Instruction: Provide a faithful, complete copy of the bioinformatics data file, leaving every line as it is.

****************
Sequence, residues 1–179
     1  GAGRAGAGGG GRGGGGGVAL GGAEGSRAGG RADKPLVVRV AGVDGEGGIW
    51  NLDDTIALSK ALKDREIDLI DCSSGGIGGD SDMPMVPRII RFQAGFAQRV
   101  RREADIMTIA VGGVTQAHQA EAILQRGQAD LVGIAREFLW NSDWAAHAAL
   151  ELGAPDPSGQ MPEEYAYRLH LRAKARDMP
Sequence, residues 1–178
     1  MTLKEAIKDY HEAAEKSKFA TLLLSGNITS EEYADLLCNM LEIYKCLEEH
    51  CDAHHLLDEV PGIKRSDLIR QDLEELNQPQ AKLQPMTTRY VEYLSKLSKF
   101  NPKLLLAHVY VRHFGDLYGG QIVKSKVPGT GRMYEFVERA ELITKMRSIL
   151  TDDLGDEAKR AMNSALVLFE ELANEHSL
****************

Sequence, residues 1–179
     1  GAGRAGAGGG GRGGGGGVAL GGAEGSRAGG RADKPLVVRV AGVDGEGGIW
    51  NLDDTIALSK ALKDREIDLI DCSSGGIGGD SDMPMVPRII RFQAGFAQRV
   101  RREADIMTIA VGGVTQAHQA EAILQRGQAD LVGIAREFLW NSDWAAHAAL
   151  ELGAPDPSGQ MPEEYAYRLH LRAKARDMP
Sequence, residues 1–178
     1  MTLKEAIKDY HEAAEKSKFA TLLLSGNITS EEYADLLCNM LEIYKCLEEH
    51  CDAHHLLDEV PGIKRSDLIR QDLEELNQPQ AKLQPMTTRY VEYLSKLSKF
   101  NPKLLLAHVY VRHFGDLYGG QIVKSKVPGT GRMYEFVERA ELITKMRSIL
   151  TDDLGDEAKR AMNSALVLFE ELANEHSL